Life in Plastic, It’s not Fantastic: The Economics of Plastic Pollution


Since the 1950s, the production of plastic surpassed the production of almost every other material. If the trends in plastic production - and oil consumption - continue at its current rate, estimates are that by 2050 there will be about 12 billion tonnes of plastic litter in the environment and the plastic industry will be responsible for 20% of the world’s total oil consumption. Globally, management of the increasingly large quantity of plastic waste has been challenging, with only 9% of plastic being recycled and almost 80% of plastic being either dumped, disposed in landfills or littered in the environment, resulting in an estimated 4 to 12 million metric tonnes (Mt) of plastic waste in the oceans annually. The improvement of solid waste management systems has not accompanied the rapid growth of plastic production, creating market inefficiencies with serious downstream effects on human health, quality of life and the environment – in particular marine life. Ultimately, there is no “one size-fits-all” solution to the current plastic problem. Governments, businesses and individuals all have a major role to play in paving the way for a circular economy with more sustainable patterns of consumption and a more efficient design of plastic products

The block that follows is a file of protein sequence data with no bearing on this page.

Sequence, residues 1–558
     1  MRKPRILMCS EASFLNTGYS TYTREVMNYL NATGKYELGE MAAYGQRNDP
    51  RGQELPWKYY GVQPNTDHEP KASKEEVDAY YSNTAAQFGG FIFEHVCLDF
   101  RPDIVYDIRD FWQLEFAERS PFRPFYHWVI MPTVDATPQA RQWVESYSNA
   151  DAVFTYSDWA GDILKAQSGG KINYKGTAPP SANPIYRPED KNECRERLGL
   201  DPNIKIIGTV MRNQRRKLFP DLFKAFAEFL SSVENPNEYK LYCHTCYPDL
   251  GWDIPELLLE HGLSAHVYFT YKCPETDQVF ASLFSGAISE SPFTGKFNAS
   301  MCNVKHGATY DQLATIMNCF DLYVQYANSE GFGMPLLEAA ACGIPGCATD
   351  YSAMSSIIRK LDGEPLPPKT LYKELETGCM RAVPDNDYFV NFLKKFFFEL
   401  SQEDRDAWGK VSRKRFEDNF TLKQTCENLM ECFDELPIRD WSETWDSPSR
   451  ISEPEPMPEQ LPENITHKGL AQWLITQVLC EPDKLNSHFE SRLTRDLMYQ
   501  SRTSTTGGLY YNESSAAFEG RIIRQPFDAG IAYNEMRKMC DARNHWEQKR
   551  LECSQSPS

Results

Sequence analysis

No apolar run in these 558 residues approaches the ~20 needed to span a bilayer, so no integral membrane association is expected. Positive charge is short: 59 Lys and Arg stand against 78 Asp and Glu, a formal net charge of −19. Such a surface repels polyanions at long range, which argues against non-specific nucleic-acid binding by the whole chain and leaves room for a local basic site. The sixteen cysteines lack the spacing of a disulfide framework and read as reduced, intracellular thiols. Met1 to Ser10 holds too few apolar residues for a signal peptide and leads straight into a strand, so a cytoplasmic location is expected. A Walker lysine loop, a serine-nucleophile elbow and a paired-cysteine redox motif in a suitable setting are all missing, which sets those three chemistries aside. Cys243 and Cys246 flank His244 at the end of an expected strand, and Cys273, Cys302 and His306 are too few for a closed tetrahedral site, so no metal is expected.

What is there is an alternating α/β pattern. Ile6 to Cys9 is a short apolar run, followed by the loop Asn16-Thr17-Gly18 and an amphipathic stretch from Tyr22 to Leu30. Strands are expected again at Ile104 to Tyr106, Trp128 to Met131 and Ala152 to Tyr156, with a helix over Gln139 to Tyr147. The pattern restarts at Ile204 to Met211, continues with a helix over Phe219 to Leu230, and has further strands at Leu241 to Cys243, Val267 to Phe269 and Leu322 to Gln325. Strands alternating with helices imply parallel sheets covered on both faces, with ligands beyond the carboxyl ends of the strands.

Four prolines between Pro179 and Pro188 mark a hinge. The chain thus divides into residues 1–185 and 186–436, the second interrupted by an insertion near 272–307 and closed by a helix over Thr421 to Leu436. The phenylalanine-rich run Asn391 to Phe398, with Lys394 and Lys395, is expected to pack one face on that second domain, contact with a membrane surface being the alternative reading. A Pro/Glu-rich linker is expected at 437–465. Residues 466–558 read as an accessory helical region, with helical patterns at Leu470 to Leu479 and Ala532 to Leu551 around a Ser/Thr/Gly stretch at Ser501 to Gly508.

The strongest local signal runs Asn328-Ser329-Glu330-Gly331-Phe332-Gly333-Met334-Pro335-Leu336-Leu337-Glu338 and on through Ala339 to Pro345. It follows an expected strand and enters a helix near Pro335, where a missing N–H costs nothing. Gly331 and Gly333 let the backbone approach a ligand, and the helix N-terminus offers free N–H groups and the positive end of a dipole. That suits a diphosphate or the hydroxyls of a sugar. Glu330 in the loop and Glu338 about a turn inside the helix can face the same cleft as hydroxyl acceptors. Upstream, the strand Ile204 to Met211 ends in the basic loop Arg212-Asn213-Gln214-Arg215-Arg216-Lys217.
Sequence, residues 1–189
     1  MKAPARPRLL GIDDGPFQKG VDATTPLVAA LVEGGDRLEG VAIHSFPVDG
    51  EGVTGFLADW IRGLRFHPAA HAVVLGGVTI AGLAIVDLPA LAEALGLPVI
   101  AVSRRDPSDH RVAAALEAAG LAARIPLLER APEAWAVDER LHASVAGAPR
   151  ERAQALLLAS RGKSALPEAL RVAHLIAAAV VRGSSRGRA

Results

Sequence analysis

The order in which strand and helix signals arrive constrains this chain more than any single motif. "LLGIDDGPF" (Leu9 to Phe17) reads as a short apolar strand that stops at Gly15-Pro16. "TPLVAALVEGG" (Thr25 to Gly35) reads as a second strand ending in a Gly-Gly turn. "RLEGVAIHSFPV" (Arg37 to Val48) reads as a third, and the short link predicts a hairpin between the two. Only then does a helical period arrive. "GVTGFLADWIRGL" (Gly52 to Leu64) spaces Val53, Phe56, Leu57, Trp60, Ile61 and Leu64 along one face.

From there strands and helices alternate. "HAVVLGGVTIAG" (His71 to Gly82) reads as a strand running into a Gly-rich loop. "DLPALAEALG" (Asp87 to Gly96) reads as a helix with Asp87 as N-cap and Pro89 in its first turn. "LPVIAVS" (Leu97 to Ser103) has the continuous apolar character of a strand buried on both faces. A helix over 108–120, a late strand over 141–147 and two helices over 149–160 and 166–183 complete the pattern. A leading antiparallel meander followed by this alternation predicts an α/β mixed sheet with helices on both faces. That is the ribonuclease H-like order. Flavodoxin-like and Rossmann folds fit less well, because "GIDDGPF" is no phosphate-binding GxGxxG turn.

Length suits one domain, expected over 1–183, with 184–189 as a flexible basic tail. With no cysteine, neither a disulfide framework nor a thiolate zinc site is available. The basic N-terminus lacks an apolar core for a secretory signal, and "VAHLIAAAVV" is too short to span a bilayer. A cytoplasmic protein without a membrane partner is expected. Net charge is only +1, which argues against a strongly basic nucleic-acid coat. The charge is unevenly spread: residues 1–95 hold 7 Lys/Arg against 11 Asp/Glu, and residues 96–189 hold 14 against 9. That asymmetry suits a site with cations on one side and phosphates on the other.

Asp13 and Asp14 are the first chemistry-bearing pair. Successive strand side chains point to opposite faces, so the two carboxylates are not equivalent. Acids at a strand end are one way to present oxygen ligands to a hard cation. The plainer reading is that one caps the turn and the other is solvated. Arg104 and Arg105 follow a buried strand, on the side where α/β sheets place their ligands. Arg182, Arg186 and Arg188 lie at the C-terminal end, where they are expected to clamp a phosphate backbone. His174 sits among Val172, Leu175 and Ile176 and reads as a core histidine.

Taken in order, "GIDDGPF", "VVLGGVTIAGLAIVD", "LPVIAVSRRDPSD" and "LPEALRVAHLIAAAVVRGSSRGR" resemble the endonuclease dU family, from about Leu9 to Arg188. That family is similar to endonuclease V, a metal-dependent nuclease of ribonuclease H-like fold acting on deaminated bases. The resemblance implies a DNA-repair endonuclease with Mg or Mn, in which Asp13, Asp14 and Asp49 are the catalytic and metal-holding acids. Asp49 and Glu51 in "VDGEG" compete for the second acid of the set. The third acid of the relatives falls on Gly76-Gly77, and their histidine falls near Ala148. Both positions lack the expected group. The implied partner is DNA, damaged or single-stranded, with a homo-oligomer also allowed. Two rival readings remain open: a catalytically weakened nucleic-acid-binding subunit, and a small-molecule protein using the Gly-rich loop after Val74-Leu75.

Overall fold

plastic, solid waste management, environmental econonmics, asia

How to Cite

Reis, F., Wu, S. & Potyatynnyk, K., (2017) “Life in Plastic, It’s not Fantastic: The Economics of Plastic Pollution”, Science for Sustainability (S4S) Journal 1(1). doi:







Filipa Reis (Vrije Universiteit Amsterdam)
Shuangyue Wu (Vrije Universiteit Amsterdam)
Khrystyna Potyatynnyk (Vrije Universiteit Amsterdam)





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This article has been peer reviewed.

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